I really genuinely think I’m going crazy. Losing it.
And at the same time I don’t think I’ve ever been more in touch with myself and how I’m doing. It’s hard to explain. Sometimes I think it’s really just the fact that I’m so unused to feeling things that it knocks me for ten, and other times I think Oh my God, how the flippin’ BEEEEP am I gonna get through this? And still, somewhere at the back of my head, even when I’m feeling really low, there’s this little voice that tells me that Ok, so maybe you don’t know how to deal with this, but that doesn’t matter, because you’re just gonna have to. That’s just how it is, girl.
And I think that’s a clear indication that I am getting better; that I am in fact dealing with things, even if I have no idea how. Because that voice is new. It hasn’t been there before. Or maybe it has, but if that’s the case I must have been utterly deaf to it, because I can honestly say I haven’t heard it before.
I think it’s to do with spending those weeks at Drayton Park Women’s Crisis Centre earlier this year, working so desperately hard at putting in motion a change in myself. Not just on the surface, but through and through. Also, seeing D. every week, well, I guess it reinforces that idea. That, actually, the only real option here is to get myself through this, by any means necessary. And, I suppose that the reason why I’m struggling so much right now is that for the past few weeks I haven’t had that weekly dose of encouragement.
The last thing D. said to me before we parted after my last session in the second week of August was “S, I don’t want to come back and find that you are dead.” And I remember very clearly thinking that Why in the world would I be dead?, that it was a remarkably ridiculous thing to suggest, and so I went on to make a jokey comment.
I get it now. I do. Although I always knew that I liked my counselling sessions with D. I didn’t at all realise how incredibly important they really are. How being told something and then going home to think about it actually gets me through the week, and strengthens that survival instinct within me, ups the volume of that voice, if you wish.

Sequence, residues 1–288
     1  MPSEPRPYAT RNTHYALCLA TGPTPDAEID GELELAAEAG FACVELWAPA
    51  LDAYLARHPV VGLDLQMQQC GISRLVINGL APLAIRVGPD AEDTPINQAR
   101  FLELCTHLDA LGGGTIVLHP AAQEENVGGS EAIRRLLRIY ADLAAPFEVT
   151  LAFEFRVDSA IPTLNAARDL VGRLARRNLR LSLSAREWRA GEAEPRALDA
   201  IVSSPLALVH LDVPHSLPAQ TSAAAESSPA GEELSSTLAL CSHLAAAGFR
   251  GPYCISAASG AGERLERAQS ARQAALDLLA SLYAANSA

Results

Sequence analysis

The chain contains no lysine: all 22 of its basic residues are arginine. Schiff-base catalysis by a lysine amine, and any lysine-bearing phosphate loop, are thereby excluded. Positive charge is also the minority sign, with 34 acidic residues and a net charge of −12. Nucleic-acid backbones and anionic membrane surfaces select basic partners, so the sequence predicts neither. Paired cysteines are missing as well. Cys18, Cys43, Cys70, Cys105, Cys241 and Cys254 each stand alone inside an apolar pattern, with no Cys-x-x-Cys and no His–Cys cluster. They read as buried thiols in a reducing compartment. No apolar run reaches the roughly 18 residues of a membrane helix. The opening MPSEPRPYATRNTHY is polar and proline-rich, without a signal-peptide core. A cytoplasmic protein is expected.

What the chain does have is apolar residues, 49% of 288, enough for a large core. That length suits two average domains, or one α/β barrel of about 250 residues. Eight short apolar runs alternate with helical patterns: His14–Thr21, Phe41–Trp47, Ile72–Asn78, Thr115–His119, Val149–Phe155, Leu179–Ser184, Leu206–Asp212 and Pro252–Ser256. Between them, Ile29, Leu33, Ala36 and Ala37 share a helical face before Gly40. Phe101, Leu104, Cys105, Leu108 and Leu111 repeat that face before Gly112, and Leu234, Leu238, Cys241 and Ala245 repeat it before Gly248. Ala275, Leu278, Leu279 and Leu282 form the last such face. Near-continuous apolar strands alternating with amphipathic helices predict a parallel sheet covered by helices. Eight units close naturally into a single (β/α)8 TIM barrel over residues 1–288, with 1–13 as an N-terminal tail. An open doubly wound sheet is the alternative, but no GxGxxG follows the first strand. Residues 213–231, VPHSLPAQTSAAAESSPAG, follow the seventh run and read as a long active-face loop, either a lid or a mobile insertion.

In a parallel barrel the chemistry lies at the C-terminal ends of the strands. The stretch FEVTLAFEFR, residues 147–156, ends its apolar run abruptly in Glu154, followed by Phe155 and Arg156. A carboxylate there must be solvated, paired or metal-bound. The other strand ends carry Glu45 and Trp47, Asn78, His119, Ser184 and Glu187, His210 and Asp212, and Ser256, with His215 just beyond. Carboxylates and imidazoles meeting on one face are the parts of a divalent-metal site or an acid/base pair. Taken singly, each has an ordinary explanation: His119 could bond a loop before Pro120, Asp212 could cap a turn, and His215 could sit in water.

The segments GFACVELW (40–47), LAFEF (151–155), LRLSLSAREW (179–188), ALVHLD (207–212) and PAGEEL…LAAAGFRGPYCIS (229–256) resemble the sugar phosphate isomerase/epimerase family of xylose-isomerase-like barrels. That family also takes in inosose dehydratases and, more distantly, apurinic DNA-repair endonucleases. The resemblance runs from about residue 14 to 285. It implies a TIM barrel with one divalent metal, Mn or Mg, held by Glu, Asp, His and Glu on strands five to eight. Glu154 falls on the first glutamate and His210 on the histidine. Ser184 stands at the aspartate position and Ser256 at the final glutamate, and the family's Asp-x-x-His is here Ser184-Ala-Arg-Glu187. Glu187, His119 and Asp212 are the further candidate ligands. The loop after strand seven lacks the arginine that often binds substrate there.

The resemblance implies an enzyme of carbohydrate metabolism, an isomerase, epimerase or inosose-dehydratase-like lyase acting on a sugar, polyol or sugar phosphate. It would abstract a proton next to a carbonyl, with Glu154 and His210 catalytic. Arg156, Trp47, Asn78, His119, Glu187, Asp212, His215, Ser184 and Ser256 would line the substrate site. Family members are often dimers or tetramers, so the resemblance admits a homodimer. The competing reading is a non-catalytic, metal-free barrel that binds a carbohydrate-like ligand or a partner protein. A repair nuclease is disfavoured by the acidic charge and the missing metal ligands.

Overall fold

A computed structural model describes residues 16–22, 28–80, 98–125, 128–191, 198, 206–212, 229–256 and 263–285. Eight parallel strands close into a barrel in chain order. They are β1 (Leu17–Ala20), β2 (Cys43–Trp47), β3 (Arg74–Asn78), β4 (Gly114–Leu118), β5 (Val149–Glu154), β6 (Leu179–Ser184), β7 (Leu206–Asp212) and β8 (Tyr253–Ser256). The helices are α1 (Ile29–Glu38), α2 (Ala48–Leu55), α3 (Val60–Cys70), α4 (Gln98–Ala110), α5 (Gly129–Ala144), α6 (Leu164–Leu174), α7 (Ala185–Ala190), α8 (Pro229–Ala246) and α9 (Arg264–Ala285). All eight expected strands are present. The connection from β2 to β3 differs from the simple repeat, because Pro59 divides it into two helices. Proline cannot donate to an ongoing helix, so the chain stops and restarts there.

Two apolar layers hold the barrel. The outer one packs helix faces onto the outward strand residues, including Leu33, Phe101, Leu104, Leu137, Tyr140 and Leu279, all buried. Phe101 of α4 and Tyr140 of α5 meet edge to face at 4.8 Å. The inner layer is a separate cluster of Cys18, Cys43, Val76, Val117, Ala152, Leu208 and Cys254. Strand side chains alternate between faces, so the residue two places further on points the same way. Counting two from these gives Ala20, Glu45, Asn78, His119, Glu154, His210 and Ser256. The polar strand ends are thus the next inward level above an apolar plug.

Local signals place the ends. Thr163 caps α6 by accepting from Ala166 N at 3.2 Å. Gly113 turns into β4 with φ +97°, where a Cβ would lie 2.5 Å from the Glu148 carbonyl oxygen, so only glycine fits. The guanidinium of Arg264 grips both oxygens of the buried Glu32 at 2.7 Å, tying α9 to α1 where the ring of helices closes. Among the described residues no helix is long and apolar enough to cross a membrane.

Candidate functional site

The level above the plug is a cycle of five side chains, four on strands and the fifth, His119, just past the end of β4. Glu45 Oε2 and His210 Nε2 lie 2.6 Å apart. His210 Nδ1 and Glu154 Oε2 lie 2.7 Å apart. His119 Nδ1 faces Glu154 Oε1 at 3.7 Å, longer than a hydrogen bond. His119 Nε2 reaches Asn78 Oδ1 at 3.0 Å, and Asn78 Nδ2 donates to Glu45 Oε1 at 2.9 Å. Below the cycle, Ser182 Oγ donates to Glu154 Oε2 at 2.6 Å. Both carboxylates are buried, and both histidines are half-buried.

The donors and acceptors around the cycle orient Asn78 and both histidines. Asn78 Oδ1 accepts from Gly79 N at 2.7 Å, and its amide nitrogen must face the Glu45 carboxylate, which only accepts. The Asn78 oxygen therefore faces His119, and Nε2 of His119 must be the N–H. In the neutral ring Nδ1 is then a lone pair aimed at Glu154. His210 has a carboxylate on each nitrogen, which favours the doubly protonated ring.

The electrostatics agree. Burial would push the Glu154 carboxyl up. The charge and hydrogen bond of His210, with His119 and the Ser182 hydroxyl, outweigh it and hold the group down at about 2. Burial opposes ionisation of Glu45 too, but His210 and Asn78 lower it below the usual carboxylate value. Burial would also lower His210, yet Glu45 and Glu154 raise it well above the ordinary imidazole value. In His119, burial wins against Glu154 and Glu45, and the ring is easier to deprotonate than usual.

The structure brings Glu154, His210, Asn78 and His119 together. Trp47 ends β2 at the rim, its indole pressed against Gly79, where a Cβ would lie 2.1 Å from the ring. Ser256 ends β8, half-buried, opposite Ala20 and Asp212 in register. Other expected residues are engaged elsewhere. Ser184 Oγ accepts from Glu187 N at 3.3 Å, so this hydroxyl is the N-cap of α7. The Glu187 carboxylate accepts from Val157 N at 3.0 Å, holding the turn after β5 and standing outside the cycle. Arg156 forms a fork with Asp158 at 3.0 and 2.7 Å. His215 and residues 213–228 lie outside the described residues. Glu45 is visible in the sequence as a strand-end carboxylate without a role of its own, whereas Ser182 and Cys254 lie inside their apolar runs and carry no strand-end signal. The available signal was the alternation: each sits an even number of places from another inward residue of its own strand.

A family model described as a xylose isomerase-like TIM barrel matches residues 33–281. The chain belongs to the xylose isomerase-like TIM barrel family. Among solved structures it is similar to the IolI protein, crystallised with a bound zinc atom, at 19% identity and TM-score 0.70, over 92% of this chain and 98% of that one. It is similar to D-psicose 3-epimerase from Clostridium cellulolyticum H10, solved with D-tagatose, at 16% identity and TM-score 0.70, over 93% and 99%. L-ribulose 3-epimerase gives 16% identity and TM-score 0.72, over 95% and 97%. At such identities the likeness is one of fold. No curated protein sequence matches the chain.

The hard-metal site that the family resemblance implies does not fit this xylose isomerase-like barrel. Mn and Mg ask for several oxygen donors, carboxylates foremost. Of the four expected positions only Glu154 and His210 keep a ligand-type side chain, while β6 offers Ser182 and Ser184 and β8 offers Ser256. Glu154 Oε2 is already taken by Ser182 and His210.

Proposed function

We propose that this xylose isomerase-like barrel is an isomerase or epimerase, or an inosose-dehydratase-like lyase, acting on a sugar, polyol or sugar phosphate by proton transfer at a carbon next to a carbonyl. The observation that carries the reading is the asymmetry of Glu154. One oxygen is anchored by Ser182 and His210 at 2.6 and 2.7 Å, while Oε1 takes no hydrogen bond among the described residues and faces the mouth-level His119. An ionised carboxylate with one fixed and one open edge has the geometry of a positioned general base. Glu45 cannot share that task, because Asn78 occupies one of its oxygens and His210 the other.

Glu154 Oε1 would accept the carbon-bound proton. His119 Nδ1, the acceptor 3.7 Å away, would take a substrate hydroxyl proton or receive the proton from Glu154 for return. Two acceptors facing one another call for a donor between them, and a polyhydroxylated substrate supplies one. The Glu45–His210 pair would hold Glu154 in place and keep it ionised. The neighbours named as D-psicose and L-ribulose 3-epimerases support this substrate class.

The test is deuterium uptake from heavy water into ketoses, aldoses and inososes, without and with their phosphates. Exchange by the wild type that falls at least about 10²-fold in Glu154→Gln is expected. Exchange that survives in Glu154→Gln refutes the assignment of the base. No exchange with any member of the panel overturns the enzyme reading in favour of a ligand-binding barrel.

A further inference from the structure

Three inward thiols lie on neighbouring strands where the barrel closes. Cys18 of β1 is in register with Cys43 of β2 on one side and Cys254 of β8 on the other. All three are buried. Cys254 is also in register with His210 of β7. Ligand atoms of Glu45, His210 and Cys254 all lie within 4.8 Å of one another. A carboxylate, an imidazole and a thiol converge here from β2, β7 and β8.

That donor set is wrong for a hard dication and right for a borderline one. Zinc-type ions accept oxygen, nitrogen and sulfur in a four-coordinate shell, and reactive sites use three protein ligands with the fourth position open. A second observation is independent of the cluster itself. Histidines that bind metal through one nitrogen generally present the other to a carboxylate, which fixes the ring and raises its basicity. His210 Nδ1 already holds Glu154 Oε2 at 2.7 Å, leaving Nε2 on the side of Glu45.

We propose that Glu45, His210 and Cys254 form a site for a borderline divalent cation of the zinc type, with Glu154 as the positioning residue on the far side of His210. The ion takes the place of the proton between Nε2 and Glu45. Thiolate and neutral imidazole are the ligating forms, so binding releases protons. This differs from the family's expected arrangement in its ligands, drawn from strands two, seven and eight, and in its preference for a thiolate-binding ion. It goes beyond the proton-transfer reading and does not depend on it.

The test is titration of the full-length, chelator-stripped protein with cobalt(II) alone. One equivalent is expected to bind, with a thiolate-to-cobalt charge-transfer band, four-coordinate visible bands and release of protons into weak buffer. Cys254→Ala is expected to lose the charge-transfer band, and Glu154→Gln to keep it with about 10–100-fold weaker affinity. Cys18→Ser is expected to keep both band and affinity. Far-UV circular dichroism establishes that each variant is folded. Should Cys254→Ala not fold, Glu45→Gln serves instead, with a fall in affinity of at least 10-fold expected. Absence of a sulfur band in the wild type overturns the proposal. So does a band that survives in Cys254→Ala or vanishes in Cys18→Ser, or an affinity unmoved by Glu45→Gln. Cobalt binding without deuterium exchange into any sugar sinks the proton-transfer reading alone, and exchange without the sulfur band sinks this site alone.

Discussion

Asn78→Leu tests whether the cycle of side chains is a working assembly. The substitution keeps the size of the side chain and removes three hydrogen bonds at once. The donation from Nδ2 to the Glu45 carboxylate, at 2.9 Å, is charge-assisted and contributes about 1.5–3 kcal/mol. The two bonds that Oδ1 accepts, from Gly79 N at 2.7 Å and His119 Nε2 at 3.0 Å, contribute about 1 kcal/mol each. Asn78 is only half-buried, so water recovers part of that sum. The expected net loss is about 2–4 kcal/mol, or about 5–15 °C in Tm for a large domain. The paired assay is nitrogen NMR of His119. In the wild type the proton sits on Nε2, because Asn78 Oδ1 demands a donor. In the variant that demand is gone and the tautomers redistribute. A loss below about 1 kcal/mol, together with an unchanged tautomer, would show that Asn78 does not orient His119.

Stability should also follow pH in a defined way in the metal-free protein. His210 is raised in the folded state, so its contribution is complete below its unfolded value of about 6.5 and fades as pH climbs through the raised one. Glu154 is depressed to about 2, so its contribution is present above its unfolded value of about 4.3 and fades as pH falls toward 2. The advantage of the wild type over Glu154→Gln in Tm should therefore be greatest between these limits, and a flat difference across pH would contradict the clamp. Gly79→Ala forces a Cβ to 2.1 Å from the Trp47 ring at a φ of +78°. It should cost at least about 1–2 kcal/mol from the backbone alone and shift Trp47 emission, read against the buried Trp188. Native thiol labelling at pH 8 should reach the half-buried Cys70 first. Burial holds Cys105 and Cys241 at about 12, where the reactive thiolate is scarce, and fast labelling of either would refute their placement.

Yesterday after work I was feeling a bit fragile. So, I went to see my friend P. and her little girl. That worked a treat at lifting my mood. I also spoke to two of my friends on the phone and spent some time just reflecting over all the difficulties in my life I have had, and marvel at the fact that I’m still around. I don’t mean to brag, but when I think about all the things in my life I’ve been through – how unconventional my life has been in many ways – well, I do feel proud to still be alive. And I think I have a right to be.
Now, on to something else that inspired me the other day. I was having one of those days where I really couldn’t think of any good reason to smile. One of those Yes, I’m alive, but so what?-days. You know what I mean. So I spent most of my day in bed, trying to, but not managing to sleep. In the end I gave up and reached for my iPod and started surfing the web and I came across this story about a little girl called Danielle. I read it, and what struck me the most was not how cruel a place the world can be, but an enormous sense of gratitude for the fact that there are people around – like Dani’s new family – who are willing to not just talk about it, but act to change that. So, please, visit the Lierow’s website. I suggest you also read the wonderful article by Lane DeGregory, sharing Dani’s story with the world. It is in parts pretty grim reading, but, I do like the way it’s been written and how it actually also offers Dani’s natural mother to give her side, indefensible as it is.
Having read Dani’s story I felt compelled to contact the Lierows to tell them how their courage has touched me, and to ask if it would be ok for me to link to their site in my blog, and yesterday I got an email back from Bernie, Dani’s new dad, to say that it was.
So, again, take a deep breath and read the story about this family. I am sure, that you, like me – will feel a bit better about the human race after. And feel that, after all – there are things worth smiling about.